Calcutta was the capital of British India until 1911. New Delhi was built to be the new capital. It doesn't exist at this point in time.New Dehli
The Viceroy of India, having enough trouble with his own posting and the cancellation of British Concessions in China, was not prepared to intervene in Dutch problems. Instead, he dispatched a message to London asking for instructions....with the point that he didn't feel that the Raj could spare the resources in the near term.
I'll think you find that the British made more money out of Malaya than all the rest of the empire put together.Napoleon IV would publicly stated that the endless expansion of colonialism almost always cost more than it was worth (British India was, of course, a significant exception).
Calcutta was the capital of British India until 1911. New Delhi was built to be the new capital. It doesn't exist at this point in time.
I'll think you find that the British made more money out of Malaya than all the rest of the empire put together.
You seemed to have jumped ahead of history in many ways. The Germans only took NE New Guinea in 1884. An 1885 agreement between the British, Americans and Germans divided Samoa into American and German Samoa, gave the British the Solomon Islands, but left the North Solomons with Germany. (Bouganville & Buka) Extraordinary Australian racism extended well into the mid-20th century. IOTL, in the 1880s, the Dutch had West New Guinea, the Germans the NE and the Australian colonies desperately wanted Britain to take SE New Guinea. Queensland sent a party up and claimed it in the name of the British crown but the British disavowed the claim, although they eventually agreed to claim it if the Australian colonies paid for it. If the Japanese are running around annexing islands to Australia's North, there would be panic, and if the Germans or Americans were holding something the Australians would have been likely very pleased. Very likely, the Australians, Americans and Germans to the extent they were there, would have divided up the region. With a much more independent Australia, the British would have likely taken the attitude to Australian annexations the way they eventually did with Papua- It's now the Aussies problem.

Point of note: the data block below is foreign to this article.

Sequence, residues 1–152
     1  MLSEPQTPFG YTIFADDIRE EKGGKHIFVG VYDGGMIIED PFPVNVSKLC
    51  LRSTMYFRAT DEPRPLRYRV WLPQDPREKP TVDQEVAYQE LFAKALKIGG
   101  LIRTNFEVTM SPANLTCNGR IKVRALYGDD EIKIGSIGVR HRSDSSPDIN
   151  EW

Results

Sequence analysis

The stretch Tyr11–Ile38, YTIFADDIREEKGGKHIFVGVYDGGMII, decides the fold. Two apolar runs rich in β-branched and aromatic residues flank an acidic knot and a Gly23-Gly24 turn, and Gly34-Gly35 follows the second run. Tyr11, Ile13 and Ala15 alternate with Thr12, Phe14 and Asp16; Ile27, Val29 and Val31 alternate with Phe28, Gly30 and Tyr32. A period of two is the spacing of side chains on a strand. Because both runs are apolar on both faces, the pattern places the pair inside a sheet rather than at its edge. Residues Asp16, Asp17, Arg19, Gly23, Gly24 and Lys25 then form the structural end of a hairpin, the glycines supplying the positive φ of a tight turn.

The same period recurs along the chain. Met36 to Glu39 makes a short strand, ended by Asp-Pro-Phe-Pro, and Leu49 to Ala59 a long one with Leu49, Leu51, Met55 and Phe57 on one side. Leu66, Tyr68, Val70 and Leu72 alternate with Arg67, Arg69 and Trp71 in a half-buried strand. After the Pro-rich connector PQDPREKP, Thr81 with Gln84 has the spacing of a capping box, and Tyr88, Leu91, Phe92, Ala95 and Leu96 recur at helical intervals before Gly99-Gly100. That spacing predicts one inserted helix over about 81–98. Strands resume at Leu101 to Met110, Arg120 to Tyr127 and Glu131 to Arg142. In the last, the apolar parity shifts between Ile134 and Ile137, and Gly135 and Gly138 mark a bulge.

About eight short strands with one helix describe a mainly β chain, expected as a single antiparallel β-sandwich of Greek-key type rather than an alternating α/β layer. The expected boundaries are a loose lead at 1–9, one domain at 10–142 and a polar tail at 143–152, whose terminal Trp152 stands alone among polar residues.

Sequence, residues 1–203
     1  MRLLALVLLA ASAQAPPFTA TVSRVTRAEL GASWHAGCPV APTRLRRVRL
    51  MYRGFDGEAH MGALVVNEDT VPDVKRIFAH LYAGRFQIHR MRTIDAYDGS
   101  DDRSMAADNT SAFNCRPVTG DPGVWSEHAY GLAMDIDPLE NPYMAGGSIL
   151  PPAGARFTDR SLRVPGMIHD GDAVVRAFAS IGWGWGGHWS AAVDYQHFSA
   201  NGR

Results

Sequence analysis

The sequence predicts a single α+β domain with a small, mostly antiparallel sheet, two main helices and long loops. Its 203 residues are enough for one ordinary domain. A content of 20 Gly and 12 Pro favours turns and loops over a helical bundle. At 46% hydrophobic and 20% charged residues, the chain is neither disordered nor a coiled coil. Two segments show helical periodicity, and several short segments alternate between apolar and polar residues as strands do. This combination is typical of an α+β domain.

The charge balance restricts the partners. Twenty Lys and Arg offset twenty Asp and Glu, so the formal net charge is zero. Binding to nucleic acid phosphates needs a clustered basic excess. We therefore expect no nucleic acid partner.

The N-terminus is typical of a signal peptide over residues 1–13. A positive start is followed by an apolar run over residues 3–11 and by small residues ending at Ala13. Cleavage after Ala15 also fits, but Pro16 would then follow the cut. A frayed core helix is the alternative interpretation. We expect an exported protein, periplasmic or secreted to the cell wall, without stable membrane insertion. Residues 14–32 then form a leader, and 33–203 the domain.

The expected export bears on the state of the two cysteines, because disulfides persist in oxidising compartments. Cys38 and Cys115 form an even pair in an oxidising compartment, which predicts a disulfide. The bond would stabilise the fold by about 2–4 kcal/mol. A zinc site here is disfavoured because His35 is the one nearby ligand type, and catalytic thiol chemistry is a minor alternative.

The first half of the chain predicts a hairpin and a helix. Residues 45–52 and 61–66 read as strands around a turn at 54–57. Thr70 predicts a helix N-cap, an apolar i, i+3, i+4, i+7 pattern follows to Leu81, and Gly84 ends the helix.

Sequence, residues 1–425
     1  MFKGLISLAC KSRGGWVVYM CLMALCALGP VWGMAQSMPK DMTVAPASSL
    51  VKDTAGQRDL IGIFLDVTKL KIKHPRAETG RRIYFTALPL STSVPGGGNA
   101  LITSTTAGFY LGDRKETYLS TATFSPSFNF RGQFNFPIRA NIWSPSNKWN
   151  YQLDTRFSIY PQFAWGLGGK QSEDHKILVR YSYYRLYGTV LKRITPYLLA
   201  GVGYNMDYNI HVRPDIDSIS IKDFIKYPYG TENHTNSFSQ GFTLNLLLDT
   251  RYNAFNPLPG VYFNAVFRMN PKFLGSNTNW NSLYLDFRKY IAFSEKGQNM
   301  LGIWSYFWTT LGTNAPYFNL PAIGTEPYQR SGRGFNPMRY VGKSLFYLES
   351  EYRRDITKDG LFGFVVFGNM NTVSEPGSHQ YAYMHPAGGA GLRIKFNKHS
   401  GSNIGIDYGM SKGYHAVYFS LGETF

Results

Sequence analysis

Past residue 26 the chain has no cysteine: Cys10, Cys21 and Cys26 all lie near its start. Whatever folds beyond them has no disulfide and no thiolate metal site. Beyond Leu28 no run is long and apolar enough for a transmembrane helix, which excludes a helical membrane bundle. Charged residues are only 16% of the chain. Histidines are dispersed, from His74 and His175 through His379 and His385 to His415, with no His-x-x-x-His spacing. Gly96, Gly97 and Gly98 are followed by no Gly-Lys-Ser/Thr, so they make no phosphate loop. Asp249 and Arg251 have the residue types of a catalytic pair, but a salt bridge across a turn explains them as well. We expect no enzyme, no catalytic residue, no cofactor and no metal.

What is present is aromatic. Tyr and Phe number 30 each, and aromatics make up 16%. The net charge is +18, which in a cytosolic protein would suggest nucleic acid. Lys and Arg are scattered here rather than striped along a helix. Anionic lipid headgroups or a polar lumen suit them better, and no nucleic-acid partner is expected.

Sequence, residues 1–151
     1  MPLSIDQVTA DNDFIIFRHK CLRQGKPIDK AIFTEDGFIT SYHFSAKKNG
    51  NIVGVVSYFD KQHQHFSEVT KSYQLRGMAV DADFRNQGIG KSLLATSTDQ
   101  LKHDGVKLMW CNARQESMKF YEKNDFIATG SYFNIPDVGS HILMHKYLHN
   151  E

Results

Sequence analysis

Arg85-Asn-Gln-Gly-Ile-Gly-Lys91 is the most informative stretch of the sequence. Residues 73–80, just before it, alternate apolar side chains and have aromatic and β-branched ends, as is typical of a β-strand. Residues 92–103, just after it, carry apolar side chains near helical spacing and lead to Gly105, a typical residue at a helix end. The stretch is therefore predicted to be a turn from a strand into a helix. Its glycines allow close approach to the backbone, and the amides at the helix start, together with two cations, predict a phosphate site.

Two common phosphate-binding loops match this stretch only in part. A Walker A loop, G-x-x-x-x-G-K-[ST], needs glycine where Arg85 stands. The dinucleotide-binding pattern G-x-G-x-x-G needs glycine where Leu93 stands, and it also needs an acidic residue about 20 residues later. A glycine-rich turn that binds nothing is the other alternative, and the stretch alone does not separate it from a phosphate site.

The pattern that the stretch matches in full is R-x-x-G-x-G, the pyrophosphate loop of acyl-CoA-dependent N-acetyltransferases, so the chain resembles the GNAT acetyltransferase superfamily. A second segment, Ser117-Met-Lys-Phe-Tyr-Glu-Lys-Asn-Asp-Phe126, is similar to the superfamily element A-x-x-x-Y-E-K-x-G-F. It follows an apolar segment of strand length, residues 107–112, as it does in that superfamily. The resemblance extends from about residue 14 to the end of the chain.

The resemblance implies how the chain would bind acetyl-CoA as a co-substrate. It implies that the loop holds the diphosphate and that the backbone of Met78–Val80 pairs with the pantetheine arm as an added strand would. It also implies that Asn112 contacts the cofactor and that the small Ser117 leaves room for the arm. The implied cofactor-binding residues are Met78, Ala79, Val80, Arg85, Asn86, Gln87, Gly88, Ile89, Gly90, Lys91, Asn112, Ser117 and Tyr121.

Racism in Australia at that time was awful, but variable. Some of the colonies were likely vehemently anti-German, but South Australia in particular had a significant German population. Adelaide would have likely had a very conciliatory attitude to Germans. Perhaps a South Australian could become PM? The colonial government would pass a parliamentary motion every years listing Germans to whom they had granted British subject status. South Australia granted aboriginal Australians the right to vote with women in 1894. They were specifically excluded from voting in Queensland and Western Australia. I think you've said New Zealand is part of this Greater Australia. The 1902 voting act in Australia limited the vote to whites & Maori- they wanted NZ to join, and the Maori could vote in NZ.
Interesting scenario. The Greater Aussies, which include the New Zealanders and the white elite in the pacific are going to be disappointed at the Americans dismembering Canada but much more scared about the Japanese. The Eureka rebellion in Ballarat in the 1850s certainly had parallels with the ARW, but the British compromised and allowed home rule. Perhaps a sluggish British response to the issue would have increased anger in Australia, leading to earlier federation & independence (even under the crown) and more common cause with the US. Had federation occurred in the 1860s, I think Melbourne would have been the permanent capital.In this TL, I had New Guinea and the Solomon Islands seized by Britain years earlier. Thus far, there are no German colonies as Germany was not unified under Prussian leadership. The Prussians lost this TL's war in the early 1860's and the balance of power in Germany was restored.
Nations that have watched colonialism become a financial drain on their coffers with little to no direct profit to national treasuries. The big players are trying to fix their internal issues and capitalize on what gains they do have. Africa is a wildcard that quite a few can't afford with the endless bloodshed that has occurred over the past few decades.How will that happen?
Nations that have watched colonialism become a financial drain on their coffers with little to no direct profit to national treasuries. The big players are trying to fix their internal issues and capitalize on what gains they do have. Africa is a wildcard that quite a few can't afford with the endless bloodshed that has occurred over the past few decades.